According to a report last June by the congressional Committee on Appropriations, the cost of FCS could reach an extraordinary $200 billion to become fully operational by the projected date of 2025. Even then, all this money will be able to equip only 15 out of 70 combat brigade teams with the full array of FCS technology. The original cost was supposed to be $100 billion, and some sources are predicting the price may go up to $300 billion before its finished.
The US Navy is modernizing, as well. According to the Congressional Research Service (CRS), “The navy in 2006 introduced a new ship force structure plan that calls for achieving and maintaining a 313-ship fleet,” including another three aircraft carriers to join the existing dozen already in service.
US Air Force modernization includes obtaining 60 F-22A Raptors (out of 183 on order, each costing more than $100 million (but $300 million each when research and development expenses are added to production costs) and F-35 Joint Strike Fighters, which the CRS describes as the largest aviation program in terms of estimated cost ($276 billion) and numbers (2,458 aircraft). In addition, contracts are out for building 180 C-17 Globemaster strategic airlifters, a sure sign the Pentagon anticipates quickly flying a great deal of military tonnage to distant countries.
According to Article VI of the nuclear Non-Proliferation Treaty (NPT), the existing nuclear powers – primarily the US and Russia – are obligated to “pursue negotiations in good faith on effective measures relating to cessation of the arms race at an early date and to nuclear disarmament, and on a treaty on general and complete disarmament under strict and effective international control”.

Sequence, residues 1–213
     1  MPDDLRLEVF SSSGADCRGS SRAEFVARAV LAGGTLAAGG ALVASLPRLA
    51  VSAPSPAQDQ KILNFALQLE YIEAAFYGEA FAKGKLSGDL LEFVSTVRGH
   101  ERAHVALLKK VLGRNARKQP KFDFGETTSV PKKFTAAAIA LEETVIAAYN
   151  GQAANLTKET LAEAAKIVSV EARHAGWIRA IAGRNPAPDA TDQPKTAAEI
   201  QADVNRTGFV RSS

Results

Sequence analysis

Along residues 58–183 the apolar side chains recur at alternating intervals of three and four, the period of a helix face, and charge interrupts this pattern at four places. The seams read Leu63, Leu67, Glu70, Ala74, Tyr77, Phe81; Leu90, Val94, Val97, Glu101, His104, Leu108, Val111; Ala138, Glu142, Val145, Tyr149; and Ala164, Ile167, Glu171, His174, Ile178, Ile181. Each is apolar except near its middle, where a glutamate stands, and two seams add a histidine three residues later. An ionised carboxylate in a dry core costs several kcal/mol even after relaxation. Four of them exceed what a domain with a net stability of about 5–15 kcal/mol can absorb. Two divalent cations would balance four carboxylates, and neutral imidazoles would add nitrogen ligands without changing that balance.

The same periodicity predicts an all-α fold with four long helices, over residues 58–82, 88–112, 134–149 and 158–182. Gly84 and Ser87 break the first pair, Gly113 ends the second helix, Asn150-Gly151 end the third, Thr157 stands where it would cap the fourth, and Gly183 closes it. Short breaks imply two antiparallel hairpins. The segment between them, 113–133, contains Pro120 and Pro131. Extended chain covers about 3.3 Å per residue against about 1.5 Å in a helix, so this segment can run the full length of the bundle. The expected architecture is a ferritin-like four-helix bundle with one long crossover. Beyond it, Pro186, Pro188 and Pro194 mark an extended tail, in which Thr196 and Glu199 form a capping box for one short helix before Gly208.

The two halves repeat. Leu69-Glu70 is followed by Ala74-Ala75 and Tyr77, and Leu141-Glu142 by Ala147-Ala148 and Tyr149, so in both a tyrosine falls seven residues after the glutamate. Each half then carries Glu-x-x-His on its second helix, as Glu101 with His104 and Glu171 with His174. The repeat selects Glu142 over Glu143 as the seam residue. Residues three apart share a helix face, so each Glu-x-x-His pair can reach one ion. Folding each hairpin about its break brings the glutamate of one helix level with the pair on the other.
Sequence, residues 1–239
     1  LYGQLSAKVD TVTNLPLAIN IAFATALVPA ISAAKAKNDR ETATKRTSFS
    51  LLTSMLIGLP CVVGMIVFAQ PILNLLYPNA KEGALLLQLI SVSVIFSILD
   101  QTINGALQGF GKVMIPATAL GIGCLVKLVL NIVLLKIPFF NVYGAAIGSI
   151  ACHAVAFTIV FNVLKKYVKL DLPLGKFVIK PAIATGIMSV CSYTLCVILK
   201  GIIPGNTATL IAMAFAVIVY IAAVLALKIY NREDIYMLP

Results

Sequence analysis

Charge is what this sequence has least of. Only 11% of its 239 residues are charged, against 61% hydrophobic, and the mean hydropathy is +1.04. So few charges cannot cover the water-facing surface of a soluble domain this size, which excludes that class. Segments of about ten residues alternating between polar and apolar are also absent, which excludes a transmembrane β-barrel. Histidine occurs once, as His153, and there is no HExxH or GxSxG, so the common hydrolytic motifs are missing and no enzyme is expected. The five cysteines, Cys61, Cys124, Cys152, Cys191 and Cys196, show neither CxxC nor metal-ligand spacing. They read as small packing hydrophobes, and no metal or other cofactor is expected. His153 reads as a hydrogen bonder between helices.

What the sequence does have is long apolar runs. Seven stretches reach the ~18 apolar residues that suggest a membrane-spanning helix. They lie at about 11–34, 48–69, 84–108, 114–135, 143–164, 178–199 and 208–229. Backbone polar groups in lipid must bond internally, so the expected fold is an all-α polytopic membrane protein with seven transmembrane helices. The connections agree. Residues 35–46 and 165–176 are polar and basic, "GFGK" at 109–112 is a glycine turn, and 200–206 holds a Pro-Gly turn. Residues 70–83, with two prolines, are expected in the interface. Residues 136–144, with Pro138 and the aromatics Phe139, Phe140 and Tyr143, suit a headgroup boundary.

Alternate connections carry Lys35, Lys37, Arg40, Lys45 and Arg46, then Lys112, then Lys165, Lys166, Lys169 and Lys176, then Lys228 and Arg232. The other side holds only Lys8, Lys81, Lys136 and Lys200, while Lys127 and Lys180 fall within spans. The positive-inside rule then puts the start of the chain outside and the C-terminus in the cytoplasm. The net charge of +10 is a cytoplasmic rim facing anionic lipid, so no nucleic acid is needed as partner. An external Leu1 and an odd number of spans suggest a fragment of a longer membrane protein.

Washington and Moscow did in fact reduce the number of nuclear warheads in the 15 years since the end of the Cold War, but there have been absolutely no steps toward general and complete nuclear disarmament – the only way to end nuclear proliferation and to prevent nuclear war. Russia (including when it was the USSR) affirms a willingness to rid the world of nuclear weapons but insists that all states, including the US, must be willing to do so as well before Moscow destroys its stockpiles. Washington will not agree.
At this stage, the US has about 6,000 strategic warheads compared with Russia’s 5,000, down from the 1990 total of about 14,000 and 11,000 respectively. (A “strategic” nuclear weapon can produce thousands of kilotons of explosive force. One kiloton equals 1,000 tons of TNT. The largest ever tested was 50,000 kilotons in 1961. A “tactical” nuclear weapon possesses the explosive power of a fraction of a kiloton. The small 12-kiloton atomic bomb with which the United States decimated Hiroshima in 1945 killed more than 150,000 people immediately or in its aftermath.)
According to the terms of the 2002 Strategic Offensive Reductions Treaty (SORT), the US and Russia must reduce the number of their deployed strategic warheads to 2,200 by 2012 when the treaty expires – a size that can still destroy the entire population of our planet many, many times over. The key word here is “deployed”, meaning mounted and ready to be fired in minutes. SORT does not call for the remaining strategic warheads to be destroyed, which means the weapons will be put in storage, along with thousands of tactical weapons. The treaty does not cover tactical weapons.